UDL is similar and stresses the element of student choice of classroom tasks. In my post, I raised two quite reasonable concerns about such forms of differentiation. Firstly, if a child struggles with writing then a teacher applying these principles may give that child less writing to complete or allow that child to choose to complete less writing. If this happens over time across a number of subjects then this child is likely to fall further behind his or her peers in writing. The same could be said of any other academic skill. Secondly, orchestrating the kind of differentiation where students complete multiple activities in a single class is inefficient for teachers to plan and deliver.
In my post, I noted the lack of empirical evidence to support the idea that this form of differentiation leads to better educational outcomes.
Unfortunately, some people chose to interpret my comments entirely through the lens of disability. Let me be explicit: Tomlinson and the UDL developers are promoting their forms of differentiation as a general strategy and not one to be reserved for students with a disability.
Once this strawman had been erected, a number of people repeatedly and persistently claimed that it is illegal to refuse to make accommodations for students with a disability under the Australian Disability Standards for Education (DSE).
I have read the standards and I do not think that they require any teacher to make use of the forms of differentiation typified by UDL or Tomlinson. Instead, they require teachers to make reasonable accommodations for students with disabilities. Such accommodations are defined alongside the limits of what is considered reasonable.
Let me be clear: If a child has a cognitive or physical impairment that means that he or she cannot learn to write then it would be cruel and absurd to insist on that child writing. However, I suspect that this is relatively rare. More often, I would expect to encounter a child who has difficulty in learning to write. If I were to make accommodations for such a child then it might be by providing additional help with writing, providing a writing frame or offering a similar support. UDL is clearly flawed in my view because I would not give that child a choice to opt out of writing.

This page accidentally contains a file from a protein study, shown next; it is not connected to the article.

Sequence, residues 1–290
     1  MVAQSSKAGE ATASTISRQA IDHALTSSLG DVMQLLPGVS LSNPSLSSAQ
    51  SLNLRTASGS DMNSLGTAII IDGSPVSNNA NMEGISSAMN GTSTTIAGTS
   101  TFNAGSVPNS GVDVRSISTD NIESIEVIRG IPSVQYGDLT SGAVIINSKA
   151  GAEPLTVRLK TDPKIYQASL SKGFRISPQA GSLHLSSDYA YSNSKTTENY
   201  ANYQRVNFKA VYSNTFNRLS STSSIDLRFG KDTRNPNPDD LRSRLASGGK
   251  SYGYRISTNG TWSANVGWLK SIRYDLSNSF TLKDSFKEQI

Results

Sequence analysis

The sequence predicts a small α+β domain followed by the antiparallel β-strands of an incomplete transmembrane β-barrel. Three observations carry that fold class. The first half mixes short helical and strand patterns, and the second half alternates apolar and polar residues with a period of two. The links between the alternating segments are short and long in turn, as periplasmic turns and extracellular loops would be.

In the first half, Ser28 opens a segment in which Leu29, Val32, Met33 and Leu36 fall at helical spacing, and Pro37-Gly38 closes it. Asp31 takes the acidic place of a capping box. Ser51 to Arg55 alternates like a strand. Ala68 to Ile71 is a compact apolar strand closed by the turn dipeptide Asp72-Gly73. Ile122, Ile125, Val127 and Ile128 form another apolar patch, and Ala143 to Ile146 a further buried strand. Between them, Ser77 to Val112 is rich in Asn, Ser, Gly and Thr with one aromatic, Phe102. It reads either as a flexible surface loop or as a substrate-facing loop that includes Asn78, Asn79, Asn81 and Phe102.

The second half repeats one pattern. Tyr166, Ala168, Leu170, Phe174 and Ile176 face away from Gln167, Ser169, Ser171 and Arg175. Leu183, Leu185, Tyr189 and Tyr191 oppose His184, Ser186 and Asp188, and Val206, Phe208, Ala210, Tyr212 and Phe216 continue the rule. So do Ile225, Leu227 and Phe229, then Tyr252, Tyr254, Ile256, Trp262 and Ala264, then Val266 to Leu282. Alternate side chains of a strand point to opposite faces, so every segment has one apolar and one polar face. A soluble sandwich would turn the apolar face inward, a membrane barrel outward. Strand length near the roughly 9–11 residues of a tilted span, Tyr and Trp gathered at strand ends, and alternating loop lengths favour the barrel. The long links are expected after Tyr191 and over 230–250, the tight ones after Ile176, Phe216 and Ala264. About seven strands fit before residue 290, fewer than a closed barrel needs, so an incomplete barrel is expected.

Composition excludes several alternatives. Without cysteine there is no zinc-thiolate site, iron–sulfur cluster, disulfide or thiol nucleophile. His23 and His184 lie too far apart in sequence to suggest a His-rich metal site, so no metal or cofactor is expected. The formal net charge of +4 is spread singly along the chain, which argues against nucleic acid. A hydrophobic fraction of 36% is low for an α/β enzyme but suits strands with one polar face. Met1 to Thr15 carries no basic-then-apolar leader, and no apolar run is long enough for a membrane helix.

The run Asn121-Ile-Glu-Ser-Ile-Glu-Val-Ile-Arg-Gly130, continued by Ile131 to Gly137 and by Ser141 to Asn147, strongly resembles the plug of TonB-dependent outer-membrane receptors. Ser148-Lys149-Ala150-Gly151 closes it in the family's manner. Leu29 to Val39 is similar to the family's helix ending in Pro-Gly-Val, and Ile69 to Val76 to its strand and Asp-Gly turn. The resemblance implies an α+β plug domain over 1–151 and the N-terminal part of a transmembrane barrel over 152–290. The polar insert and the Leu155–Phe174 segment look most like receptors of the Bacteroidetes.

Now let us for the sake of argument assume that I am wrong and that the DSE really does require all Australian teachers to use a UDL-style approach to differentiation. If that were the case then I would argue that the law was wrong. This is a perfectly respectable position to take in a free society. For instance, I personally believe that same-sex couples should be able to marry, something that is not currently permitted by law in Australia. I am not going to be convinced that I am wrong by someone repeatedly stating that the law does not allow it.
Please feel free to engage me on the substance of my argument. Some already have engaged constructively. I am often wrong and I may well be wrong about this. However, I will no longer engage with those who are seeking to frame this discussion in a way that misrepresents my position.
I recently wrote a post on how knowledge of cognitive load theory (CLT) has changed my practice as a teacher. It was shared quite widely. I tend to attract critics of CLT and I think this is healthy. It is a relatively new theory and a reasonable and measured response is to take its finding provisionally. My own view of CLT is that the empirical studies are pretty robust but the theory is still under development.
When one fairly high profile person shared my post, Dr Sandra Leaton Gray responded on Twitter with some pointed criticism of CLT:
These criticisms immediately struck me as odd for two reasons. Firstly, CLT originated in Australia before a number of researchers from the Netherlands got hold of it. I wasn’t aware of many U.S. sources on the theory and had been under the impression that the U.S. was largely uninterested in it. And I seemed to recall John Sweller describing studies he conducted with Year 9 students, contradicting the suggestion that the sources are biased towards HE (higher education) and therefore the age group is too old.
I did a search for the original Sweller and Cooper studies on the worked example effect that sit at the root of CLT and found this paper. The subjects of this study were Australian (not U.S.) students from Year 9, Year 11 and university. Only Year 9 students were used for the critical tests of worked examples versus problem solving. The authors even discuss the fact that university students possess too much expertise in solving the required algebra problems for them to act as good test subjects.
The self-citation claim seems accurate but perhaps a little unfair. When there are only a small number of people working on a theory then who else should researchers’ cite? I think this was one of the reasons that Sweller and colleagues were pleased when CLT became popular among academics in The Netherlands.